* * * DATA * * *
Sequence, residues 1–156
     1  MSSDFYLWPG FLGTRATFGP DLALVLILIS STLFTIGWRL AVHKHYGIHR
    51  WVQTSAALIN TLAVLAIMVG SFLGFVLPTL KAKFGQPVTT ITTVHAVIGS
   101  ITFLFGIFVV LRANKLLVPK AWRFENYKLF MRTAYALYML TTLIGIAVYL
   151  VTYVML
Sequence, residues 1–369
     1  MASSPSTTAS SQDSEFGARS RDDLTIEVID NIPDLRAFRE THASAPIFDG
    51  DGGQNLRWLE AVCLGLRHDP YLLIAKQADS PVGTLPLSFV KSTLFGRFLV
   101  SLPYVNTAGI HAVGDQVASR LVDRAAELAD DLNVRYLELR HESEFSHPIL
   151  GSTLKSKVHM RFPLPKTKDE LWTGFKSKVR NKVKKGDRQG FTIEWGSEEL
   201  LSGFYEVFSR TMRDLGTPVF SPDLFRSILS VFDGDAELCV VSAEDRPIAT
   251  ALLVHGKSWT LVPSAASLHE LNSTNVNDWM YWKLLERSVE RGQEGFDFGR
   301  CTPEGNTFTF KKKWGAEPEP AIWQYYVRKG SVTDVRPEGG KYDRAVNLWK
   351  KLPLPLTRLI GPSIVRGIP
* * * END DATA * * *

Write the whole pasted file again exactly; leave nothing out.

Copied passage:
Sequence, residues 1–156
     1  MSSDFYLWPG FLGTRATFGP DLALVLILIS STLFTIGWRL AVHKHYGIHR
    51  WVQTSAALIN TLAVLAIMVG SFLGFVLPTL KAKFGQPVTT ITTVHAVIGS
   101  ITFLFGIFVV LRANKLLVPK AWRFENYKLF MRTAYALYML TTLIGIAVYL
   151  VTYVML
Sequence, residues 1–369
     1  MASSPSTTAS SQDSEFGARS RDDLTIEVID NIPDLRAFRE THASAPIFDG
    51  DGGQNLRWLE AVCLGLRHDP YLLIAKQADS PVGTLPLSFV KSTLFGRFLV
   101  SLPYVNTAGI HAVGDQVASR LVDRAAELAD DLNVRYLELR HESEFSHPIL
   151  GSTLKSKVHM RFPLPKTKDE LWTGFKSKVR NKVKKGDRQG FTIEWGSEEL
   201  LSGFYEVFSR TMRDLGTPVF SPDLFRSILS VFDGDAELCV VSAEDRPIAT
   251  ALLVHGKSWT LVPSAASLHE LNSTNVNDWM YWKLLERSVE RGQEGFDFGR
   301  CTPEGNTFTF KKKWGAEPEP AIWQYYVRKG SVTDVRPEGG KYDRAVNLWK
   351  KLPLPLTRLI GPSIVRGIP